Just Putting it Out There — How #MeToo, Awareness Months and Facebook Are Helping Us Heal
February 15 2018
If we have learned anything on social media in 2017 it’s that everything isn’t okay. Far from it. But we are finally starting to talk about it — according to researchers at Drexel University who study our relationships with social network sites. Their latest work, an examination of how and why women decide to disclose pregnancy loss on Facebook, sheds light on a shift in our social media behavior that is making it easier for people to come forward and share their painful, personal and often stigmatized stories.
“While many use Facebook to largely talk about happy and light topics and believe that to be the expected norm on this platform, some people make complicated decisions to talk about things that are not all that happy,” said Nazanin Andalibi, a doctoral candidate in Drexel’s College of Computing & Informatics, and lead author of the recently published study “Announcing Pregnancy Loss on Facebook: A Decision-Making Framework for Stigmatized Disclosures on Identified Social Network Sites.” “Our research looks at why and how people decide to use social media to share their traumatic experiences that often have a social stigma attached to them.”
The study, which will be published in the Proceedings of the 2018 ACM CHI Conference on Human Factors in Computing Systems, and presented at the conference in April 2018, is the first piece of research to use the lens of pregnancy loss to look at how and why people use social media to share their sensitive and stigmatized stories.
Andalibi and co-author Andrea Forte, PhD, an associate professor in the College of Computing & Informatics, chose to focus on pregnancy loss disclosures because one in five pregnancies in the United States lead to a pregnancy loss, yet most people — approximately 55 percent — still think it’s a rare occurrence. A discrepancy in understanding of this magnitude tends to fuel stigmatization and feelings of isolation — by contrast, raising awareness can not only help reduce the stigma, but also aid in the emotional process of recovering from such a loss.
“Pregnancy loss is a stigmatized reproductive health complication, associated with negative wellbeing effects such as depression and PTSD, changes people’s sense of identity, impacts their relationships, and it often elicits negative or unsupportive responses when disclosed, Andalibi said. “Understanding how and why women talk about pregnancy loss on social networking sites could help us and technologists to design services that facilitate safe disclosures and supportive interactions to form around them when people experience distress and stigma. The potential for improved well-being through access to social support makes pregnancy loss a productive context for research on designing social computing systems for safe disclosures and support seeking.”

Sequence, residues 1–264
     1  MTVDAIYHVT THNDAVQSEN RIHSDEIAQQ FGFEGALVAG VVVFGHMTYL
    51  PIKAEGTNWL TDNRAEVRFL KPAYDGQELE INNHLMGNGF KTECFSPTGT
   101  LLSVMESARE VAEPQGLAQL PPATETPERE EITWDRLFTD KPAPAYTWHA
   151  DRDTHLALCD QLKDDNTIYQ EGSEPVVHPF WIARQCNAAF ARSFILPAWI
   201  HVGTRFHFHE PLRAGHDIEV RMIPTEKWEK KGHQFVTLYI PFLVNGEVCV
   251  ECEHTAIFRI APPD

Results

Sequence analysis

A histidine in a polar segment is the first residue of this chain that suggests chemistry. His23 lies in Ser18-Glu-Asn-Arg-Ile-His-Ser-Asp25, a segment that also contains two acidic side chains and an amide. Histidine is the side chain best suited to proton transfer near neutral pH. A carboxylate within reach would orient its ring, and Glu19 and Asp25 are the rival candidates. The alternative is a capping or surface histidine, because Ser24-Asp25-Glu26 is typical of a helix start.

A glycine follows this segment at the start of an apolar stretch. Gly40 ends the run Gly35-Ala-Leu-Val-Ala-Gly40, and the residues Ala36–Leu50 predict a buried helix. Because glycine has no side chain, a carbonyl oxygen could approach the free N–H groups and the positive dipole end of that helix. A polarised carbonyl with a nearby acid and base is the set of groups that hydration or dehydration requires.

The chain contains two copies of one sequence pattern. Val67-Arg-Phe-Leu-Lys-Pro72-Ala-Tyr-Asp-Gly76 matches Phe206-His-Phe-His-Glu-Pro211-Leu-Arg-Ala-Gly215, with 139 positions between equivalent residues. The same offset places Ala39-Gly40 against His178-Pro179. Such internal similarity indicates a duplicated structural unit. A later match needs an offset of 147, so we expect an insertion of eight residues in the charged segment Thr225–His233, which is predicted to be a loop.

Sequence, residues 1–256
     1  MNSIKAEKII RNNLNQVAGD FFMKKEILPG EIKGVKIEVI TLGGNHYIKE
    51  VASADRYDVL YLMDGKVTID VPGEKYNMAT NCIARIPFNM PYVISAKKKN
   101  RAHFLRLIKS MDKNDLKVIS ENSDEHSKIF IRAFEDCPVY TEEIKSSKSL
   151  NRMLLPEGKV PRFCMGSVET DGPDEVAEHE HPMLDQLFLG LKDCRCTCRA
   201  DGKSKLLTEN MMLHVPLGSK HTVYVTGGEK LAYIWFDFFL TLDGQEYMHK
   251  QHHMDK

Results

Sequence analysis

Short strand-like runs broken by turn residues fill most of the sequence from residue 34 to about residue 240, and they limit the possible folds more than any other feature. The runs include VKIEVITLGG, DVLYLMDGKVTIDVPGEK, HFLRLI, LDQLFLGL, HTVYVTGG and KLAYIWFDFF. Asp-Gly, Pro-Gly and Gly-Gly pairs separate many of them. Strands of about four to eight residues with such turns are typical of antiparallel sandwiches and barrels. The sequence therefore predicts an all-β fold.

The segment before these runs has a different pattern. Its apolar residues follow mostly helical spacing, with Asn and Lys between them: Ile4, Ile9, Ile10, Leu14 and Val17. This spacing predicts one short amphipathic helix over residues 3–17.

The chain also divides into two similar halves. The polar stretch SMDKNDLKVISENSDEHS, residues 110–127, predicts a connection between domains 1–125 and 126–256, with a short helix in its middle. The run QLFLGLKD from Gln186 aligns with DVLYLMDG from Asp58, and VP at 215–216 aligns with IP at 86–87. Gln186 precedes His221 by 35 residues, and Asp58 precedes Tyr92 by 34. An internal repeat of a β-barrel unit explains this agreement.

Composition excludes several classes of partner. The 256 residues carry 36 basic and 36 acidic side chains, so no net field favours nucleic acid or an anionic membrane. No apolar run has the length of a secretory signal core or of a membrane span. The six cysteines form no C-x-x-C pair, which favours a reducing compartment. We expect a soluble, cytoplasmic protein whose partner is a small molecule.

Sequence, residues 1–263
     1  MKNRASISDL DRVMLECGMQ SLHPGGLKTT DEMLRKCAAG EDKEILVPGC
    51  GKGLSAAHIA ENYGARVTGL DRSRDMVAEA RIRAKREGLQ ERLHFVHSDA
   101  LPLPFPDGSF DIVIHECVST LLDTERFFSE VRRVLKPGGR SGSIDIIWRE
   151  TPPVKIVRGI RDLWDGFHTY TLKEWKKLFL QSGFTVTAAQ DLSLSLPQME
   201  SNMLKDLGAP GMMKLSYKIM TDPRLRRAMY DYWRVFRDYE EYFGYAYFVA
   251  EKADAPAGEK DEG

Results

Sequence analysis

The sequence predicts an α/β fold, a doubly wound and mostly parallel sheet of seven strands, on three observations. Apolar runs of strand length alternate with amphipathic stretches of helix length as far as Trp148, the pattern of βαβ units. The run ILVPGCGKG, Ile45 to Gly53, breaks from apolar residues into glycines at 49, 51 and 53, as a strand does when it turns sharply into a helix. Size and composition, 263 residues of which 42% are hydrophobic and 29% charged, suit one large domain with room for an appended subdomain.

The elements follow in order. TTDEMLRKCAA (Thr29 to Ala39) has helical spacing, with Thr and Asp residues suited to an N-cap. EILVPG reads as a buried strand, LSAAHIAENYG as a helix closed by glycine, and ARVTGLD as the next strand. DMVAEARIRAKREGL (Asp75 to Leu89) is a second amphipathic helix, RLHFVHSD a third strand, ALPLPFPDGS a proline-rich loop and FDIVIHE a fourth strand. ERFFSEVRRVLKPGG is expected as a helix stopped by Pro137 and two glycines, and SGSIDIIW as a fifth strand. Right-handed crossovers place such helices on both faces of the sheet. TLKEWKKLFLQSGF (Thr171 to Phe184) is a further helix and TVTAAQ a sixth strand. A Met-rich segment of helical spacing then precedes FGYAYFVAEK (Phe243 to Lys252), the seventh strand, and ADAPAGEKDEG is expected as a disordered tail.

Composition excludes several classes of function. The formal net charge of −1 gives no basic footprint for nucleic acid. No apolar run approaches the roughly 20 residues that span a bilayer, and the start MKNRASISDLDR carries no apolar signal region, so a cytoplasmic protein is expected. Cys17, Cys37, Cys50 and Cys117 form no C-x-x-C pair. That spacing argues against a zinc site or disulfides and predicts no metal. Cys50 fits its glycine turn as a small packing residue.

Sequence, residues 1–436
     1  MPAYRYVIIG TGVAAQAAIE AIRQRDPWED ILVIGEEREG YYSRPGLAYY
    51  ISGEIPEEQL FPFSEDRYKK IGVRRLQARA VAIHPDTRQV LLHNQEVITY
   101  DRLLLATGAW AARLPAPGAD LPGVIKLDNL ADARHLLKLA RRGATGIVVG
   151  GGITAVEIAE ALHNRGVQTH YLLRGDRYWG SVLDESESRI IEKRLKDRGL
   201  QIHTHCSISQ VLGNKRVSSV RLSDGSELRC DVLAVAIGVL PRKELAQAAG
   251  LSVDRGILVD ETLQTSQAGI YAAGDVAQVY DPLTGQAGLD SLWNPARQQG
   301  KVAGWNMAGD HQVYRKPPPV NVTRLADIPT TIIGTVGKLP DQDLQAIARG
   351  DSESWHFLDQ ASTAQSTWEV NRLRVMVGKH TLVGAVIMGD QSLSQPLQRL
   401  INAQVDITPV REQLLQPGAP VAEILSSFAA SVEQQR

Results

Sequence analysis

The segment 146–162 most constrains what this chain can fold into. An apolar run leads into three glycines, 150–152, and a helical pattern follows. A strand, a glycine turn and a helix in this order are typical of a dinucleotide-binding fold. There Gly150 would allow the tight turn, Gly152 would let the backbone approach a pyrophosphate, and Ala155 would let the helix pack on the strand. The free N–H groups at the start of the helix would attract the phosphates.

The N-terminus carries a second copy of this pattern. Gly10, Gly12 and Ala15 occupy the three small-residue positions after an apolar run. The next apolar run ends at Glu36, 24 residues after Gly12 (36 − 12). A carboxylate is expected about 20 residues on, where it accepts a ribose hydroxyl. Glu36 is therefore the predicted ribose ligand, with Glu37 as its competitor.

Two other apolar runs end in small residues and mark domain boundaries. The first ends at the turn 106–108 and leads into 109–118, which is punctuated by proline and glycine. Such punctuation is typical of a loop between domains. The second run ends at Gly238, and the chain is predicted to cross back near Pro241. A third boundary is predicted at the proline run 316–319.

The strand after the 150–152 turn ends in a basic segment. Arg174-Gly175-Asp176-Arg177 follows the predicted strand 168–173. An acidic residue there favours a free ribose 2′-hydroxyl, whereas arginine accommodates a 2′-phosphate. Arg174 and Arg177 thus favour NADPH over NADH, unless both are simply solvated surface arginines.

By interviewing 27 women, all social media users, who had recently experienced pregnancy loss, the researchers built a framework for understanding why people are now turning to social media to end their silence and share their stories. These findings can also be applied to other phenomena such as the 12 million who recently shared their experiences of sexual assault using the hashtag #MeToo.
One of the main reasons people are coming forward, they suggest, is that social media is now part of the healing process.
“People often need to share stigmatized life events and emotions associated with them. However, many do not, and sometimes they suffer as a result of this inhibition due to the psychological distress associated with keeping a secret,” they write.
By sharing their loss themselves, the women maintained control of the narrative around their parenthood journey. Many had already shared news of their pregnancy online, so talking about the pregnancy loss allowed them to avoid difficult unwanted questions, while also coming to grips with the loss themselves. It was also seen as a way of honoring and remembering the baby, as well as eliciting social support.
Researchers from Drexel's College of Computing & Informatics have formalized a framework for understanding how interactions on social media are helping people to talk about sensitive and often socially stigmatized events in their life.
Another motivation for turning to social media, according to the research, is the benefit of sharing with a large network of people. Many women found it to be a highly efficient way of sharing a painful story once instead of repeating it over and over again in individual conversations, which was perceived to be incredibly difficult.
“I didn’t want to talk to people about it because I didn’t want to deal with their feelings about it,” one participant told the researchers. “I didn’t want to feel like I had to manage their feelings…that’s easier on social media because they’re not in front of me. I definitely had friends who cried when I told them. I don’t want to deal with somebody else’s tears about it. You don’t have to do that on Facebook.”